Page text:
There are 2 ways in which the deed of your surrendered home can be transferred out of your name. The first is for your mortgage holder to agree to a deed-in-lieu of foreclosure. A deed-in-lieu of foreclosure is where the bank agrees to take back possession of the home and you simply sign the deed over to your mortgage holder and provide them with the keys. In order to get a deed-in-lieu of foreclosure, you must reach out to your mortgage holder and ask them if they will agree to a deed-in-lieu. If your mortgage holder refuses to accept a deed-in-lieu, your only other option is to wait for your mortgage holder to foreclose on the home. When your mortgage holder begins the foreclosure process, it is important to make sure they are only foreclosing “in rem.” This means they are only asking the court for possession of the home and not suing you personally for the debt, since the debt was discharged through your bankruptcy.

Unfortunately, it may take your mortgage holder years to begin foreclosing on the home. It is important to know that as long as the property remains deeded in your name, you will remain responsible for the property taxes, homeowner association dues, the upkeep of the property, etc. If it does take your mortgage holder years to foreclose, it could also mean you will have to wait even longer after you received your discharge in order to purchase a new home. This is because the foreclosure judgment will most likely be reported on your credit report.

Published on:

One of the major concerns that most people have when they begin to consider whether or not they should file a Chapter 13 Bankruptcy is what will happen to their property. Will it be taken from them or will they be able to keep it? But what most do not consider is the property that they may acquire after they have already filed their bankruptcy. It can easily be assumed that all property you own at the time you file your Chapter 13 Bankruptcy will be part of your bankruptcy estate. But what if you inherit property or are the victim in a car accident in which you have the right to file a lawsuit after filing?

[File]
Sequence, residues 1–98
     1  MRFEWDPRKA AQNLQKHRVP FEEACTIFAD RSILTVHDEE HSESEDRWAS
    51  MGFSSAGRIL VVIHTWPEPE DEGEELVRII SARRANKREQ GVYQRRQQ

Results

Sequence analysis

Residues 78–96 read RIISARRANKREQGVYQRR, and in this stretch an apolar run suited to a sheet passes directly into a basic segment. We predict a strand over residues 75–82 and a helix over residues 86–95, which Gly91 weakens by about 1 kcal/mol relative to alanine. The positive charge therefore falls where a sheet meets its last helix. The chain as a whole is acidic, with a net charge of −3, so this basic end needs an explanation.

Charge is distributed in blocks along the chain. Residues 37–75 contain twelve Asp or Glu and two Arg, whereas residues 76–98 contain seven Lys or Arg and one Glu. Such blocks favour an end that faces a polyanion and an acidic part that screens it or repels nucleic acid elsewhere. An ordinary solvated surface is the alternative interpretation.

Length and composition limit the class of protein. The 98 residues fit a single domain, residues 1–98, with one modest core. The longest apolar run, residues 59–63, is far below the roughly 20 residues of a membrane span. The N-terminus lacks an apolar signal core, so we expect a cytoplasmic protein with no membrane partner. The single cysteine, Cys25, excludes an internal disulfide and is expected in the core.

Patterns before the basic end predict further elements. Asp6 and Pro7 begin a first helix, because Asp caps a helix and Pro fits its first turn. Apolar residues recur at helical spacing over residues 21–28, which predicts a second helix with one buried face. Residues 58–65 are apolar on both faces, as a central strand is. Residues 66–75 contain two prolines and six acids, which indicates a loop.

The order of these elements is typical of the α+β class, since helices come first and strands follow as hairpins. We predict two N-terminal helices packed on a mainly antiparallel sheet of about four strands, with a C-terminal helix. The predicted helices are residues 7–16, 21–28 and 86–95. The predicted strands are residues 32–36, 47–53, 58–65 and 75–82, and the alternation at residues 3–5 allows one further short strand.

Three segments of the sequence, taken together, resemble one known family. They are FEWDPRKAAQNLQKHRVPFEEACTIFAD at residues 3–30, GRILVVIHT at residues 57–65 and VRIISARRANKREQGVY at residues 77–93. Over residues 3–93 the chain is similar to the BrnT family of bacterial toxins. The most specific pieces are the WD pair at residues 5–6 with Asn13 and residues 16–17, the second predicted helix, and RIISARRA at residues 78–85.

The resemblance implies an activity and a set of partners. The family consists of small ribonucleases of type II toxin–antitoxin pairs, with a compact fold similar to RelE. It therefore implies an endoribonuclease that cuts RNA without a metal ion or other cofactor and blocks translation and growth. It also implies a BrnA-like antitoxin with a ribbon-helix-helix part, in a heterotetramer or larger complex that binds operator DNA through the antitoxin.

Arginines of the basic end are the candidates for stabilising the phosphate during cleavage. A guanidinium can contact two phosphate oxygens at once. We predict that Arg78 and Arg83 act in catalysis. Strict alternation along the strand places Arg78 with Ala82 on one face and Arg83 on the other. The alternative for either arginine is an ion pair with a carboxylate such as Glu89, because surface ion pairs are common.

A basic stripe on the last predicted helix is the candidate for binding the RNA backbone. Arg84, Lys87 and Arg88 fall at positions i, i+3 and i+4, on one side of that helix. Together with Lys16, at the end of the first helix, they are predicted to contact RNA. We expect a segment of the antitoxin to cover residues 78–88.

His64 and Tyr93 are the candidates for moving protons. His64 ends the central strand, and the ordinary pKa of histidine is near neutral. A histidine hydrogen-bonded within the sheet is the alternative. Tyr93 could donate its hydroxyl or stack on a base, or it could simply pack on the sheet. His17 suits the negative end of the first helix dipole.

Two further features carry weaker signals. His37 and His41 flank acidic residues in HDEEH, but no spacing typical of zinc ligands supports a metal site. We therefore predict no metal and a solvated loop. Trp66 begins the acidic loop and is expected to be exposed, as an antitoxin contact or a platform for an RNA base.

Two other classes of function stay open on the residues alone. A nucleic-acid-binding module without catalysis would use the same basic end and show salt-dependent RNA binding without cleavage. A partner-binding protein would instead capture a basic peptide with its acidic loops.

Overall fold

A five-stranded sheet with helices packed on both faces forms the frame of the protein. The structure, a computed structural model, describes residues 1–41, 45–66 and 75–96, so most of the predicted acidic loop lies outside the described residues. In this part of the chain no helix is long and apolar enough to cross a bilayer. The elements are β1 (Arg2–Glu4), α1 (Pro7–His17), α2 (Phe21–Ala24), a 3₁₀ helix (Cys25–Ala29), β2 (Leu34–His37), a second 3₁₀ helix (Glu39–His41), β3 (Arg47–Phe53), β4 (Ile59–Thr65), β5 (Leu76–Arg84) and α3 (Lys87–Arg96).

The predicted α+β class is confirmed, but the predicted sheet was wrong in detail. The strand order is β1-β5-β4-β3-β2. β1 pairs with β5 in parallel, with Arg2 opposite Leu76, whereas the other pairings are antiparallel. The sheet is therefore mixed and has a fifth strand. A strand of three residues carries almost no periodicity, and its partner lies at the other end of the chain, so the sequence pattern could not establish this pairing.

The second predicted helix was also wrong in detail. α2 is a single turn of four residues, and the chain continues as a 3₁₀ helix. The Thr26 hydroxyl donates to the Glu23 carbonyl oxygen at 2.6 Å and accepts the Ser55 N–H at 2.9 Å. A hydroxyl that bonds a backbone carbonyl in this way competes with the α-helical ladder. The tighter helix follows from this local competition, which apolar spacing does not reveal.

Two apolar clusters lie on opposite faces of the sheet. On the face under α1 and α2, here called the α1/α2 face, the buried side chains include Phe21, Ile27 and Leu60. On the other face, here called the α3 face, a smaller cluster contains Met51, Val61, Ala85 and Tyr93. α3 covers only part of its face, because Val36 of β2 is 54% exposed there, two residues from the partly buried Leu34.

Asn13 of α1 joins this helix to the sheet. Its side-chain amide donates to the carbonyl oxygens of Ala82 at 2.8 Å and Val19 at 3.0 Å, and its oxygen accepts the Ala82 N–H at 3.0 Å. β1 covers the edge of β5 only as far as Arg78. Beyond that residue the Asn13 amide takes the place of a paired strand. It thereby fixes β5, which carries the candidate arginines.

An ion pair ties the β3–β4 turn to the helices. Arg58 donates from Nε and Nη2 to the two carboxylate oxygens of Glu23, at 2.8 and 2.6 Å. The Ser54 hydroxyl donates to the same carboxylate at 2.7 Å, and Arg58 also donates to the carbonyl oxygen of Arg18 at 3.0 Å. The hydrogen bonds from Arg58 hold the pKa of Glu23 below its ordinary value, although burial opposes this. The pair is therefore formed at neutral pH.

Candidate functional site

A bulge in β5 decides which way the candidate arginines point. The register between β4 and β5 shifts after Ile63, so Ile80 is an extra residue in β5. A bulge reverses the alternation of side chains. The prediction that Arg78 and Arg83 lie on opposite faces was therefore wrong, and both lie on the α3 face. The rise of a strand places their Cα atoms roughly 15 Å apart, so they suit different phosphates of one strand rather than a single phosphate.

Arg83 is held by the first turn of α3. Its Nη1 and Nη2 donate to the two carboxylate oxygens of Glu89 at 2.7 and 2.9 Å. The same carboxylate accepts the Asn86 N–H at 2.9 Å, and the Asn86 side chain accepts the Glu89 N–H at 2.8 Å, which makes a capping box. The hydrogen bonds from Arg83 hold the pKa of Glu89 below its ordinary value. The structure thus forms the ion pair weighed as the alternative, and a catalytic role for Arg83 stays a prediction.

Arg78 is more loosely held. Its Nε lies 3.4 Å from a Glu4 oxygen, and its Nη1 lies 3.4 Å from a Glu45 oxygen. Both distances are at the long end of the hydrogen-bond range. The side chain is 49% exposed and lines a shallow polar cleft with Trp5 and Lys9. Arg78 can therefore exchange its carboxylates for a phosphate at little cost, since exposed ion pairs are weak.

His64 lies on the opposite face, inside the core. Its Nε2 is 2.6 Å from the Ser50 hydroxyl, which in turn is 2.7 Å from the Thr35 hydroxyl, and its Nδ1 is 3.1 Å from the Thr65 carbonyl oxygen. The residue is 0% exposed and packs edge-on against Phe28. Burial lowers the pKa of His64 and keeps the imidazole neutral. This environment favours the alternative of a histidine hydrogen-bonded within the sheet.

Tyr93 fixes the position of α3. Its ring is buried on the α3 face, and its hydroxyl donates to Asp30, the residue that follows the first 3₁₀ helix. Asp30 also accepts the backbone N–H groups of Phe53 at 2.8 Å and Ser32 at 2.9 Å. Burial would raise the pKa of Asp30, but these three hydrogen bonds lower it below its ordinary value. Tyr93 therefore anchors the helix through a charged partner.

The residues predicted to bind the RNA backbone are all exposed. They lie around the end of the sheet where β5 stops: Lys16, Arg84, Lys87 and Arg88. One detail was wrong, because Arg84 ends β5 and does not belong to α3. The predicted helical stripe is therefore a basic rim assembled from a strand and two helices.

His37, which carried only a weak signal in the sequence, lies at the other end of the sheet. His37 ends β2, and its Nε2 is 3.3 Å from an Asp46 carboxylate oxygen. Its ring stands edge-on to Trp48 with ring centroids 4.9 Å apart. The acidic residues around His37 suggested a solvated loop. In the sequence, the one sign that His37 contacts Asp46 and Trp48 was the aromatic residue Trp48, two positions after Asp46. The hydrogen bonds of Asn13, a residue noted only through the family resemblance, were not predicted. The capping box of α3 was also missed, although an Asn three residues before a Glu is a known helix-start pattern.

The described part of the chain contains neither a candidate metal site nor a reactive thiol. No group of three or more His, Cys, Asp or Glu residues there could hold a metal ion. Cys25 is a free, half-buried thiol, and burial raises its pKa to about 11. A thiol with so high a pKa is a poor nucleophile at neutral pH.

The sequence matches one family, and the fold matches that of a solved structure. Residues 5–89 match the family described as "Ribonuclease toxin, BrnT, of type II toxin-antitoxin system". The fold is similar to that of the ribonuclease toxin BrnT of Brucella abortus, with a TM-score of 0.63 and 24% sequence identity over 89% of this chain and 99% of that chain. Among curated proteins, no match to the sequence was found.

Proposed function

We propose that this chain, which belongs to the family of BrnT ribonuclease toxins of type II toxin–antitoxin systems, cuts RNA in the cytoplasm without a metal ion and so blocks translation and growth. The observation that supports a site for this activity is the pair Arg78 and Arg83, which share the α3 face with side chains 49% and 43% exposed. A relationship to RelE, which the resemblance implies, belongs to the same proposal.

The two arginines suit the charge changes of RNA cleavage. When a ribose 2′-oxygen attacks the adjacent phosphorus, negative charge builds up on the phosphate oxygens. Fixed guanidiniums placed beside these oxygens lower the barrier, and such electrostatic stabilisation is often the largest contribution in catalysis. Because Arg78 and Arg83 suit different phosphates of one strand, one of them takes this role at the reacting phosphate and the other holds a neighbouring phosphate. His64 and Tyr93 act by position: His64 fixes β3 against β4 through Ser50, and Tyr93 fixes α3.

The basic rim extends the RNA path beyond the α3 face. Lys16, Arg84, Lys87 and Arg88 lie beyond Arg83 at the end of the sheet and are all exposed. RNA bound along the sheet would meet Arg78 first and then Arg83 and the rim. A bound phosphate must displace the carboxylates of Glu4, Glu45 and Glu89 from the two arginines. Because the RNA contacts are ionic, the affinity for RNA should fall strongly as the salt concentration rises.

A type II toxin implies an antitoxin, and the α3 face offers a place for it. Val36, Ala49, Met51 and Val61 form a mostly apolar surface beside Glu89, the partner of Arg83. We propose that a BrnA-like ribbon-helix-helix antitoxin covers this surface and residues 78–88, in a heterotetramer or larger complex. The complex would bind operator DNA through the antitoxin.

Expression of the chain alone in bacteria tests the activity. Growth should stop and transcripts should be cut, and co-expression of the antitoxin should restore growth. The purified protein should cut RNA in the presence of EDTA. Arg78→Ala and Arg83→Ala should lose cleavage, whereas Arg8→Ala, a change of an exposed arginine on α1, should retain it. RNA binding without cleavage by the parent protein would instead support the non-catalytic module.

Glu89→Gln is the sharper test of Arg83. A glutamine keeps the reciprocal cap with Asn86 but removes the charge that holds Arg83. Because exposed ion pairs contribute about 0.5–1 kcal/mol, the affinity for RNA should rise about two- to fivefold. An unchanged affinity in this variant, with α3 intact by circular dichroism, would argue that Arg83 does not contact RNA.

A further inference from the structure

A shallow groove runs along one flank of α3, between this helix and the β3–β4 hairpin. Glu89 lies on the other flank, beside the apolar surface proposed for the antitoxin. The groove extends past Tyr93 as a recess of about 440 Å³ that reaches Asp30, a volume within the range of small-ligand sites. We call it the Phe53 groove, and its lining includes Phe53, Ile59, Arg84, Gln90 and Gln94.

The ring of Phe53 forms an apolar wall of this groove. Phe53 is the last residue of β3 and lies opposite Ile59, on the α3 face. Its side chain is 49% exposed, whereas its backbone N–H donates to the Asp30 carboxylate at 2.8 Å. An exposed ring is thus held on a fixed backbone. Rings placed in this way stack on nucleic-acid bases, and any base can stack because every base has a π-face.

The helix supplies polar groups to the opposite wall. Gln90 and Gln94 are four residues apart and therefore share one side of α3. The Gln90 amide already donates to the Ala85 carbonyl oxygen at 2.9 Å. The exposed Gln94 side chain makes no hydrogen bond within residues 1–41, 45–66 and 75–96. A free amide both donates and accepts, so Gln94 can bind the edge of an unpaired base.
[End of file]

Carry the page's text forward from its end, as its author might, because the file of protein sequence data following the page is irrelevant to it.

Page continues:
First and foremost, there is a duty in a Chapter 13 to update your schedules when you acquire new assets until your Chapter 13 Plan is completed. This rule applies to property you acquire pre-confirmation as well as property acquired post-confirmation. Luckily, not every little piece of property you acquire post-confirmation requires you to update your schedules. It is suggested that only major ones require disclosure.

As a general rule, the following post-petition acquired types of property will always be considered to be a part of your bankruptcy estate and require disclosure to your Chapter 13 Trustee:

Continue reading →

Published on:

If you are thinking of filing bankruptcy due to a Wage Garnishment Order, you are probably wondering whether or not the bankruptcy will simply only stop future garnishments or whether it will also help you to get your garnished wages back. As long as your wages are not being garnished due to unpaid child support or student loans for example, then filing bankruptcy will stop your future wages from being garnished and it might be possible to get some of your garnished wages back. But, the surroundings circumstances must be in your favor in order to get you wages back; specifically,

  1. The wages garnished must have been $600.00 or more within the 90 days prior to filing bankruptcy as you can only recover garnished wages from the 90 days preceding filing bankruptcy; and
  2. You can exempt the wages once they are returned to you.

Continue reading →

Published on:

home-in-handsIf you have ever looked into filing a Chapter 7 Bankruptcy, you probably found out rather quickly that the purpose of a Chapter 7 Bankruptcy is to liquidate all of your assets in order to pay your creditors; except for a few things you might be able to exempt. You then most likely became concerned whether or not you would be able to keep your property as you found out, that Florida does not offer much in the way of exemptions. Specifically, other than being able to protect the majority of retirement accounts, the main and most common Florida exemptions used are the following:

  • The Homestead Exemption: Unless you have owned your current homestead property and/or your previous homestead property for 1215 days prior to filing bankruptcy, then you can only exempt up to $146, 450. If you file jointly, then you can protect up to $292,900;
  • Personal Property Exemption: If you claim the Homestead Exemption, then you are able to exempt only up to $1000 of personal property; $2000 of person property if filing jointly. If you do not use the Homestead Exemption, you can exemption up to $4000 in personal property; $8000 if filing jointly; and
  • $1,000 in a motor vehicle, or $2,000 if filing jointly.

Continue reading →

Published on: